Science and Human Behavior

ISBN-10: 0029290406
ISBN-13: 9780029290408
Edition: 1965 (Reprint)
List price: $20.00 Buy it from $6.88
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Description: The psychology classic—a detailed study of scientific theories of human nature and the possible ways in which human behavior can be predicted and controlled—from one of the most influential behaviorists of the twentieth century and the author of  More...

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Book details

List price: $20.00
Copyright year: 1965
Publisher: Free Press
Publication date: 3/1/1965
Binding: Paperback
Pages: 480
Size: 5.50" wide x 8.25" long x 1.50" tall
Weight: 0.880
Language: English

The psychology classic—a detailed study of scientific theories of human nature and the possible ways in which human behavior can be predicted and controlled—from one of the most influential behaviorists of the twentieth century and the author of Walden Two.“This is an important book, exceptionally well written, and logically consistent with the basic premise of the unitary nature of science. Many students of society and culture would take violent issue with most of the things that Skinner has to say, but even those who disagree most will find this a stimulating book.” —Samuel M. Strong, The American Journal of Sociology“This is a remarkable book—remarkable in that it presents a strong, consistent, and all but exhaustive case for a natural science of human behavior…It ought to be…valuable for those whose preferences lie with, as well as those whose preferences stand against, a behavioristic approach to human activity.” —Harry Prosch, Ethics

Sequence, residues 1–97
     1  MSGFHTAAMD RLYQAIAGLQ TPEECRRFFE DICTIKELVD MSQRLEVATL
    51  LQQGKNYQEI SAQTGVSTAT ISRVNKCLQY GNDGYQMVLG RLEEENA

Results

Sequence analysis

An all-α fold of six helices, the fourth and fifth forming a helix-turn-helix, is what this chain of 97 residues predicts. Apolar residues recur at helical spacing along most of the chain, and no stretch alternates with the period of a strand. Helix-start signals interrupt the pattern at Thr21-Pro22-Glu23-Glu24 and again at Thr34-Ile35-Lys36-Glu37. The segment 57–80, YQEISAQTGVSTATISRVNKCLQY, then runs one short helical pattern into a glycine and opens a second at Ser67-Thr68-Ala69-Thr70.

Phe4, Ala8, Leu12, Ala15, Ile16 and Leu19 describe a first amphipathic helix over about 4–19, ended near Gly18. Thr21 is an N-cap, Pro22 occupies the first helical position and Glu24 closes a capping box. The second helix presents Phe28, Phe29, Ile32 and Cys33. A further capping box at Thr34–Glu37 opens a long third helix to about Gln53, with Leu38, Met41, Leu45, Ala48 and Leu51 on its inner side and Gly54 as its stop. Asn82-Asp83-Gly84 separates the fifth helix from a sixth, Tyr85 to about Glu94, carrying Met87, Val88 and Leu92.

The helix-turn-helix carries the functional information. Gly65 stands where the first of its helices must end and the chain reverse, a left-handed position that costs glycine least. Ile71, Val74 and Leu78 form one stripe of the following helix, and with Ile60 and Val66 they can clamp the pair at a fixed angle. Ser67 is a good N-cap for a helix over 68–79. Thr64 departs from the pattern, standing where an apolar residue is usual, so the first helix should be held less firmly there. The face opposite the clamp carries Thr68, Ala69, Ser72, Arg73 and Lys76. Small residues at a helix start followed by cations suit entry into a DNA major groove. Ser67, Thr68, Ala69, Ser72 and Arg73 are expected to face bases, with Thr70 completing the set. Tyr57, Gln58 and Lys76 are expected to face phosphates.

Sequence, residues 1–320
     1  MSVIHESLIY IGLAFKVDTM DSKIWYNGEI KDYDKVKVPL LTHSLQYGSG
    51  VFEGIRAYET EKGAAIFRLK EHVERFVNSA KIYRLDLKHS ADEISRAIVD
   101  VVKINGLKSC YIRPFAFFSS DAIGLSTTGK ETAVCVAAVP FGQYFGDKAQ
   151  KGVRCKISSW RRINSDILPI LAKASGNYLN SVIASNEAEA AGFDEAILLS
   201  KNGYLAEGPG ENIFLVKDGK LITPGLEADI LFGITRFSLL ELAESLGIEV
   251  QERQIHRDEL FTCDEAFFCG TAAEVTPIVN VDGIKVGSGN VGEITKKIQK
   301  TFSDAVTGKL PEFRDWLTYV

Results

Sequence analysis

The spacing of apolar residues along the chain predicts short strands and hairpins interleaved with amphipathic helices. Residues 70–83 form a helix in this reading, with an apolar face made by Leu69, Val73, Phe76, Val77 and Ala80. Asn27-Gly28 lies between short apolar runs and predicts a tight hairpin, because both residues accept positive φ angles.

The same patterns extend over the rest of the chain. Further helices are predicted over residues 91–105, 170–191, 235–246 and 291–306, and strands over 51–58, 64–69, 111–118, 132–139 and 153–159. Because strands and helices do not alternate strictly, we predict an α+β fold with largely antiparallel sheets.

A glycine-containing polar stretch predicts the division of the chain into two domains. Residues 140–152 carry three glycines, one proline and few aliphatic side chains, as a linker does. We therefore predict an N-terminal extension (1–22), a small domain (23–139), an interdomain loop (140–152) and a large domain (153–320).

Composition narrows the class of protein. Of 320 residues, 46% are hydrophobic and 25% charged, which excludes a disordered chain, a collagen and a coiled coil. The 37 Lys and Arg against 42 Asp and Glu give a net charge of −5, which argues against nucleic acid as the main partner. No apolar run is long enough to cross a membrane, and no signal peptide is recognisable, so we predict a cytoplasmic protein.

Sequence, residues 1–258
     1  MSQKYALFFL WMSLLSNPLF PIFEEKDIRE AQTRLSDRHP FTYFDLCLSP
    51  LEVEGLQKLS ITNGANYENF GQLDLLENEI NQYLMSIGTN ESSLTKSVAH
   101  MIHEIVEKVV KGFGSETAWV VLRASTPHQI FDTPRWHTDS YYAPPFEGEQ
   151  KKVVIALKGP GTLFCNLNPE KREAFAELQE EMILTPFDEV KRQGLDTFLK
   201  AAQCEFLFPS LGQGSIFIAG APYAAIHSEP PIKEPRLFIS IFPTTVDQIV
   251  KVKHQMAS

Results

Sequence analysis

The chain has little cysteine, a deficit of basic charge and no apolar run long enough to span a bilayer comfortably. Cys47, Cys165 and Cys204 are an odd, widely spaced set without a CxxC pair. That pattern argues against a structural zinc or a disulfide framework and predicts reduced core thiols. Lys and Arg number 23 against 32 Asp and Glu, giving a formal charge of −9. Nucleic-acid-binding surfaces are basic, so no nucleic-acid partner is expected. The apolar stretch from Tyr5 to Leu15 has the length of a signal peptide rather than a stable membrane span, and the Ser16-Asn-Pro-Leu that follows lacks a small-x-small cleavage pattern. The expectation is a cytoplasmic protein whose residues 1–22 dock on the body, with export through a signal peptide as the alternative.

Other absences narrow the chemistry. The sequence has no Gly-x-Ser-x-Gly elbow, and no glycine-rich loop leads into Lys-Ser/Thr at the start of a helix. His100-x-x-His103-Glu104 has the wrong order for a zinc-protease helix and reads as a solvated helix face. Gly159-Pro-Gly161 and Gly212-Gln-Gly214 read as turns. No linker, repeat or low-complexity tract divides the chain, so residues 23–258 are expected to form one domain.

B. F. Skinner, an American behavioral psychologist, is known for his many contributions to learning theory. His Behavior of Organisms (1938) reports his experiments with the study of reflexes. Walden Two (1949), a utopian novel, describes a planned community in which positive rather than negative reinforcers serve to maintain appropriate behavior; the novel stimulated the founding of some experimental communities. In Beyond Freedom and Dignity (1971), Skinner attempted to show that only what he called a technology of behavior could save democracy from the many individual and social problems that plague it. (An early example of this technology is the so-called Skinner box for conditioning a human child.) A teacher at Harvard University from 1948 until his retirement, Skinner was for some the model of the objective scientist, for others the epitome of the heartless behaviorist who would turn people into automatons.

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